My mother pushes a box of tissues across the kitchen table, waits as I destroy four with devastating blows engineered to take out my frustrated tears, and then leans back in her chair to deliver her state of the potential dissolution of the union address. I can’t help but be reminded of another day she’d found me crying. She walked up quietly, leaned in, and whispered, “You do know you don’t have to go through with this, don’t you?” On that day, I thought about how she’d yelled at me six months earlier that she’d never once heard me say I loved the man I was now, years later, considering leaving. I loved him then. I love him still, truth be told. That’s why reaching this point where trying on an ill-fitting word like ‘divorce’ brings another exhaustive round of tears. I imagine my mother is president of the world’s most depressing fortune cookie company (“Our motto is ‘We told you so!’”), but she’s the only divorced woman I know, and by all indications, her company’s benefits program has helped her live up to her words. Of course, the last fortune cookie I received attempted to temper its horribly stale state by assuring me “It is not in your character to give up,” as I spat soggy remains into a napkin. An ironically fine how do you do for a life now clouded over by anger, exhaustion, and resignation.
Can there possibly be anything worse than getting divorced?
There’s war, of course. No battles waged between two could ever be so great as to compare.
Being ill-prepared for divine retribution? Don’t think I haven’t thought about it.
Finding myself in my early 40s and still looking to my mother for guidance? There are no words for that other than quiet ones of annoyance that I mutter under my breath while thinking about how often she’s right.
Maybe a zombie apocalypse. Yes, in the category of “Well, isn’t this a shitty state of affairs,” a zombie apocalypse might actually trump a divorce. That, or, hey, what about being married to an actual zombie? Isn’t that exactly what my marriage has become? When we’re together, we lumber through the house, shuffling from room to room to escape the other. We’re incapable of saying the words that need to be said, and when we’re forced to address the other, monosyllabic grunts seem to be the only noises we can produce. If I were the heroine of a zombie movie, I’d have by now given up weeping in fear and steeled myself for the fight for survival. The reality, though, is I see only one potential direction to take in my marriage to achieve that, and it leaves me wondering if that’s one of the reasons zombie movies seem to have so many sequels. My only hope now is this man I’ve spent so many years with doesn’t attempt to eat my brain, because, let’s be honest, the bitter thoughts that race through it would likely force him to spit out the chunks.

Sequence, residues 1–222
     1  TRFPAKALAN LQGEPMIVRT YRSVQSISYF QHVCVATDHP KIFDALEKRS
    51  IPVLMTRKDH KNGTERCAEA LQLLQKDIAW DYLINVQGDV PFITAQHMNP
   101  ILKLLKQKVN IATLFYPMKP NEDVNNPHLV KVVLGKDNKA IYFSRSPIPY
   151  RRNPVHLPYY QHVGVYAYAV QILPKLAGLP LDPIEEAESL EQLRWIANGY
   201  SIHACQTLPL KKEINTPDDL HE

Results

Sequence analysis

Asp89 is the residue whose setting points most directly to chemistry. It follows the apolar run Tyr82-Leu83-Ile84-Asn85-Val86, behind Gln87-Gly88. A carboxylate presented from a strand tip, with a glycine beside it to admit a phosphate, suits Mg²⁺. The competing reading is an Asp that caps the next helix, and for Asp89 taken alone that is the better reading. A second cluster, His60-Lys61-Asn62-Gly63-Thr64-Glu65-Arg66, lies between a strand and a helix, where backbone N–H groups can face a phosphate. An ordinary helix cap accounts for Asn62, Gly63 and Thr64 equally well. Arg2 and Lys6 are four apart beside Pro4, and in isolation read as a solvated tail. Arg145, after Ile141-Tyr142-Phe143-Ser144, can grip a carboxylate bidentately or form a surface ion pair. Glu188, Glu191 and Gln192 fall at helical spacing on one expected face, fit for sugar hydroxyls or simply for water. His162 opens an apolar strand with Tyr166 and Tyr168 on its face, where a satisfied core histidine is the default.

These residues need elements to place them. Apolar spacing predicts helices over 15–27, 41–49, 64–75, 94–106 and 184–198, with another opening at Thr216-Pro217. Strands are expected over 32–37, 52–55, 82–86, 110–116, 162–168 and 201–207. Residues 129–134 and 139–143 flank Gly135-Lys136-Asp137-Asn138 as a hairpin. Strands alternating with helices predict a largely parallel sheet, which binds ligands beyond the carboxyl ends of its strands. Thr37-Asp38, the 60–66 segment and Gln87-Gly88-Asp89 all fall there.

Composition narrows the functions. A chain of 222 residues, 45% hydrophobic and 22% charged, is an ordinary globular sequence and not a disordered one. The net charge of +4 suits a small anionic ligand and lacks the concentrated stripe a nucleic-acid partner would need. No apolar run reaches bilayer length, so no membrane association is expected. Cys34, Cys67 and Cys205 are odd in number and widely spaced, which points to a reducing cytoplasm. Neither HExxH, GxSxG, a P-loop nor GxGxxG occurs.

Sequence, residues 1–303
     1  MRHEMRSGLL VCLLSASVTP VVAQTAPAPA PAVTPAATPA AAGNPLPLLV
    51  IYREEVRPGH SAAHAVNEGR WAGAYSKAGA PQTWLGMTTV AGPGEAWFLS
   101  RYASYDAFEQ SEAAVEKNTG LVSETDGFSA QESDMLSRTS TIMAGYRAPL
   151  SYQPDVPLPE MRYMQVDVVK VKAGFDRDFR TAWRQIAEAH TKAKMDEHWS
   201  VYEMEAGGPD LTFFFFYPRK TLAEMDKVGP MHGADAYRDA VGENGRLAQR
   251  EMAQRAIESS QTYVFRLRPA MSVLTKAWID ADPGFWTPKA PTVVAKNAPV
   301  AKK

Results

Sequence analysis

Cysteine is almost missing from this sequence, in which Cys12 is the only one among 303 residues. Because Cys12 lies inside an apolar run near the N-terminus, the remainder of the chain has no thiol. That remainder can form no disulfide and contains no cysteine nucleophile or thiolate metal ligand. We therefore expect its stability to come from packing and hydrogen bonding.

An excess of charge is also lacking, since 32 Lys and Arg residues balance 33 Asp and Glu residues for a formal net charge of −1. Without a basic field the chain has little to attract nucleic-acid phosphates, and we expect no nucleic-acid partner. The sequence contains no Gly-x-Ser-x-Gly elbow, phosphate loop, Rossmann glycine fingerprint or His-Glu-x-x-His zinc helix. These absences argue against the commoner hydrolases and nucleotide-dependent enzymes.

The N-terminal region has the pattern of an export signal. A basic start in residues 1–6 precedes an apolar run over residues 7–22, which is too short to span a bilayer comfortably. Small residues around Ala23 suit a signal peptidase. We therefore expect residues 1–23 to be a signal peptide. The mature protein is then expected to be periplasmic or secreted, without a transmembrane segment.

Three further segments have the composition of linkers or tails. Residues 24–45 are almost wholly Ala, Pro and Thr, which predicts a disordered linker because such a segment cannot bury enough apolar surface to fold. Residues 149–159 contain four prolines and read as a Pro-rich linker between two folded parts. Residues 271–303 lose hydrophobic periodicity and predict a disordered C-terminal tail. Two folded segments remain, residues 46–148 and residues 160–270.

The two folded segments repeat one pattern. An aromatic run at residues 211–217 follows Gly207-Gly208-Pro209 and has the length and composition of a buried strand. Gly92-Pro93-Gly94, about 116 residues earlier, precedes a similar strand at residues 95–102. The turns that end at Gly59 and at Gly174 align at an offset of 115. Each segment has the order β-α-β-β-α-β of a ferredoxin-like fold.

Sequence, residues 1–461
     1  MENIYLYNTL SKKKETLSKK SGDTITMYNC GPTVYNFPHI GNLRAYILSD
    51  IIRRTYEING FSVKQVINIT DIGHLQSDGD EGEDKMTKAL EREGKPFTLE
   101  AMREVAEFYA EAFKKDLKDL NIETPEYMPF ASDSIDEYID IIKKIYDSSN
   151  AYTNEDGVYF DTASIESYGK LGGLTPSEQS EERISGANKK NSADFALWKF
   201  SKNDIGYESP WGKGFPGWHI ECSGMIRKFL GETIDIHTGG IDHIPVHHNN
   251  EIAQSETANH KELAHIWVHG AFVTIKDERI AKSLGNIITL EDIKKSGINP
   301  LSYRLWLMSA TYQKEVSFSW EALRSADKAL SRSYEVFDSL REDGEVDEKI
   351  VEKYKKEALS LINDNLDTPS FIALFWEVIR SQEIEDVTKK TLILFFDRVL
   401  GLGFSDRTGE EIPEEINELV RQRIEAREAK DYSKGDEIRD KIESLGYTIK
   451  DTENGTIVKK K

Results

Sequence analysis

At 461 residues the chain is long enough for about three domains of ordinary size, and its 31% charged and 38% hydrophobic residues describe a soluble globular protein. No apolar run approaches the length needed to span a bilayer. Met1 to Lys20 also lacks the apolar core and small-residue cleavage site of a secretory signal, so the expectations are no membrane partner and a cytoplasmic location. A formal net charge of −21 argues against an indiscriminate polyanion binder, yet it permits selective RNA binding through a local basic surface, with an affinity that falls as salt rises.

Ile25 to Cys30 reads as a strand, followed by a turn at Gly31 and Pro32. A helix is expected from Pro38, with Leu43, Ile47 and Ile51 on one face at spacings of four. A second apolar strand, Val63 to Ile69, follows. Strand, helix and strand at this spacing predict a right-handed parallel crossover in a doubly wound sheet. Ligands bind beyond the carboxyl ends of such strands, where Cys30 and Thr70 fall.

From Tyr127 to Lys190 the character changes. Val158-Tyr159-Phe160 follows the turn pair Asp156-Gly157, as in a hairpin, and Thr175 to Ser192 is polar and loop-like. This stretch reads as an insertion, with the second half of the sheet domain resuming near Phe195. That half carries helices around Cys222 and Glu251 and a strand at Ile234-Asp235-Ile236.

“There are worse things that can happen to you in life than getting divorced.”
I let my mother’s words race toward me like over-eager acrobats, the “ooohs!” and “awwws!” of a wide-eyed audience below help push them further up, up, up the seemingly endless ladder to their fate. It won’t be until they finally reach the top and rest breathlessly in front of me that I’ll join them, peering over their shoulders to look down into the black space below where the once fearless have now come to hesitate.
This is where I either find the courage to close my eyes to the blinding spotlight and step off the tiny ledge I’ve been clinging to and decide whether to grab hold of the outstretched arms of the one I used to count on, or be suspended, untethered, in mid-air, realizing within seconds that he, too, is as tired of the act as I am. The former still sways me and fills me with hope. The latter means plunging violently to the ground. I can imagine it no other way. Yes, there may be worse things that can happen to you in life than getting divorced, and one of those things may be realizing too late that the safety net that’s always been there has been rolled up and put away when I most need it to be in place, leaving me splattered across the hay-strewn dirt, my heart shredded and dripping off the rim of the ringleader’s top hat.
And what about the children? You think 20 overzealous clowns throwing confetti, tossing buckets of water and honking horns as they spill out of a tiny car isn’t scary? Then what about breaking up a family?
The choice might be easier if the reasons for considering it were stronger. There’s been no infidelity, but there has been rejection. Apathy has settled in to spaces where arguments would have been better served. “I don’t want us to be over,” he sometimes tells me, but he doesn’t want to do the work that ensures the story we started writing long ago has a happier ending. I, on the other hand, want to get angry, to scream into pillows, kick at lines I’ve drawn in the sand, and sink his battleship. Perhaps things would be clearer and decisions less difficult if we lived on a fault line, a ragged, obvious edge where the earth would rumble under us as it split us apart, and blame could come crashing down around us along with the sturdy pieces of Pfaltzgraff dinnerware we’d picked as our wedding gifts. No fine china for us!
There’s been nothing fine about us for a very long time, which brings me to this table, seated among these tears and clotted tissues. Maybe there are worse things that could happen to me in life than getting divorced. Surely I wouldn’t die without him if that’s what it comes down to, but honestly, I’m not sure how I’d live, either.
Perhaps it really isn’t in my character to give up.